The loss that he describes is deeper and more existential than anything academic integrity can protect: a specific, if perhaps decaying, way of being among students and their teachers. “AI has already changed the classroom into something I no longer recognize,” he told me. In this view, AI isn’t a harbinger of the future but the last straw in a profession that was almost lost already, to funding collapse, gun violence, state overreach, economic decay, credentialism, and all the rest. New technology arrives on that grim shore, making schoolwork feel worthless, carried out to turn the crank of a machine rather than for teaching or learning.
What does this teacher plan to do after leaving education, I wonder, and then ask. But I should have known the answer, because what else is there: He’s going to design software.
A common line about education in the age of AI: It will force teachers to adapt . Athena Aktipis, a psychology professor at Arizona State University, has taken the opportunity to restructure her whole class, preferring discussions and student-defined projects to homework. “The students said that the class really made them feel human in a way that other classes didn’t,” she told me.
But for many students, college isn’t just a place for writing papers, and cutting corners can provide a different way of feeling human. The student in my program whose papers raised Turnitin’s “100% AI” flag told me that he’d run his text through grammar-checking software, and asked ChatGPT to improve certain lines. Efficiency seemed to matter more to him than quality. “Sometimes I want to play basketball. Sometimes I want to work out,” he said when I asked if he wanted to share any impressions about AI for this story. That may sound outrageous: College is for learning, and that means doing your assignments! But a milkshake of stressors, costs, and other externalities has created a mental-health crisis on college campuses. AI, according to this student, is helping reduce that stress when little else has.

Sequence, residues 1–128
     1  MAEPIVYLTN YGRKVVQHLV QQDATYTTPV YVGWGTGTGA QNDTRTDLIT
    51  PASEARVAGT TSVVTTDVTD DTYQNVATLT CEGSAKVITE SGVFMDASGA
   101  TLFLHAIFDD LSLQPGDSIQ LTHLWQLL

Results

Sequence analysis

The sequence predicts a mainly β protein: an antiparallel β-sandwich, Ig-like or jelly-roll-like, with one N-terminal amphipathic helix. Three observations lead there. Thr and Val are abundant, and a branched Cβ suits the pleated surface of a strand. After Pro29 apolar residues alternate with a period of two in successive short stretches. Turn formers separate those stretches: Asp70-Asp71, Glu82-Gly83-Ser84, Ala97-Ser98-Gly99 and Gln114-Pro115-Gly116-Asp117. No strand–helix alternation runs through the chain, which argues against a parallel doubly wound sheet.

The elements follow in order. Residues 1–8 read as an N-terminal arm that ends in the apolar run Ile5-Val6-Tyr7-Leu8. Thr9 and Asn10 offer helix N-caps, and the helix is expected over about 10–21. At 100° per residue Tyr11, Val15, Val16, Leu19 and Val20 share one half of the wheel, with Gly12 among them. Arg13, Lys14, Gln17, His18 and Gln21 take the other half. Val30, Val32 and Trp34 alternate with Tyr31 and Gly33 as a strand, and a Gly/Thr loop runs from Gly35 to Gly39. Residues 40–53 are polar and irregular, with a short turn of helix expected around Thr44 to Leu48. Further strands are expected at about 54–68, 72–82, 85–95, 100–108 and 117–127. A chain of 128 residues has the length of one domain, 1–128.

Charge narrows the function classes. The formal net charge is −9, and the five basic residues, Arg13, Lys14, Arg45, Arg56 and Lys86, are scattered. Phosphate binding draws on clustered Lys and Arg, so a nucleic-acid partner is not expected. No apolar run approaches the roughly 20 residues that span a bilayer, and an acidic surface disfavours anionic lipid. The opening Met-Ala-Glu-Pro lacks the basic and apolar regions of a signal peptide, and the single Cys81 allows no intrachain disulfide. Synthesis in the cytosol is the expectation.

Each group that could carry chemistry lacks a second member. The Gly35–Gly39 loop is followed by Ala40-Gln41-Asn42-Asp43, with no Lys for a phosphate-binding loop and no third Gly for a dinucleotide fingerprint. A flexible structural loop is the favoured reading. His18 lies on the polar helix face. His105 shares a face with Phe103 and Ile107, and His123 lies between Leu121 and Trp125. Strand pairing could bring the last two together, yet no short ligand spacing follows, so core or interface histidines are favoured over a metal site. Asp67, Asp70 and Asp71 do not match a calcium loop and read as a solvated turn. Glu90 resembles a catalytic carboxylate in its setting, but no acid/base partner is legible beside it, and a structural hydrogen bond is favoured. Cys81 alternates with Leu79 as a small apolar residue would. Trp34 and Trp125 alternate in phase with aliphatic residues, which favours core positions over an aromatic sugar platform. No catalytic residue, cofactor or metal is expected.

Read: The end of recommendation letters
Similar pressures can apply to teachers too. Faculty are in some ways just as tempted as their students by the power of the chatbots, for easing work they find irritating or that distract from their professional goals. (As I pointed out last month, the traditional recommendation letter may be just as threatened by AI as the college essay .) Even so, faculty are worried the students are cheating themselves—and irritated that they’ve been caught in the middle. Julian Hanna, who teaches culture studies at Tilburg University, in the Netherlands, thinks the more sophisticated uses of AI will mostly benefit the students who were already set to succeed, putting disadvantaged students even further at risk. “I think the best students either don’t need it or worry about being caught, or both.” The others, he says, risk learning less than before. Another factor to consider: Students who speak English as a second language may be more reliant on grammar-checking software, or more inclined to have ChatGPT tune up their sentence-level phrasing. If that’s the case, then they’ll be singled out, disproportionately, as cheats.
One way or another, the arms race will continue. Students will be tempted to use AI too much, and universities will try to stop them. Professors can choose to accept some forms of AI-enabled work and outlaw others, but their choices will be shaped by the software that they’re given. Technology itself will be more powerful than official policy or deep reflection.